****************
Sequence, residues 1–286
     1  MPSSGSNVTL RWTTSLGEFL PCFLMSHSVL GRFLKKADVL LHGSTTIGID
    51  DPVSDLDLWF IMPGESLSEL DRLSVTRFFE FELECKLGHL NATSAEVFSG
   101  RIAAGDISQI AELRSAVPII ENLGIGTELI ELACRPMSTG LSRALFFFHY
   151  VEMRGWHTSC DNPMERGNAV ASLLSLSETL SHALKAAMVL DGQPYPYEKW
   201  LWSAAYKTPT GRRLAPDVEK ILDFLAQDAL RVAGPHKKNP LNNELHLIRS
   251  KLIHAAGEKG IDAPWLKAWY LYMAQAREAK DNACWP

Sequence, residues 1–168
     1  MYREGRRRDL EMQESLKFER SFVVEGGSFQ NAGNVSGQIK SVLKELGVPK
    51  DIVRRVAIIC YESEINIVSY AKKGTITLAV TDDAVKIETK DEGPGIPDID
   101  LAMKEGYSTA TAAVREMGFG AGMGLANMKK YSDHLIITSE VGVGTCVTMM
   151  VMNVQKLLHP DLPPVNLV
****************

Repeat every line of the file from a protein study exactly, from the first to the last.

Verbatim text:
Sequence, residues 1–286
     1  MPSSGSNVTL RWTTSLGEFL PCFLMSHSVL GRFLKKADVL LHGSTTIGID
    51  DPVSDLDLWF IMPGESLSEL DRLSVTRFFE FELECKLGHL NATSAEVFSG
   101  RIAAGDISQI AELRSAVPII ENLGIGTELI ELACRPMSTG LSRALFFFHY
   151  VEMRGWHTSC DNPMERGNAV ASLLSLSETL SHALKAAMVL DGQPYPYEKW
   201  LWSAAYKTPT GRRLAPDVEK ILDFLAQDAL RVAGPHKKNP LNNELHLIRS
   251  KLIHAAGEKG IDAPWLKAWY LYMAQAREAK DNACWP

Sequence, residues 1–168
     1  MYREGRRRDL EMQESLKFER SFVVEGGSFQ NAGNVSGQIK SVLKELGVPK
    51  DIVRRVAIIC YESEINIVSY AKKGTITLAV TDDAVKIETK DEGPGIPDID
   101  LAMKEGYSTA TAAVREMGFG AGMGLANMKK YSDHLIITSE VGVGTCVTMM
   151  VMNVQKLLHP DLPPVNLV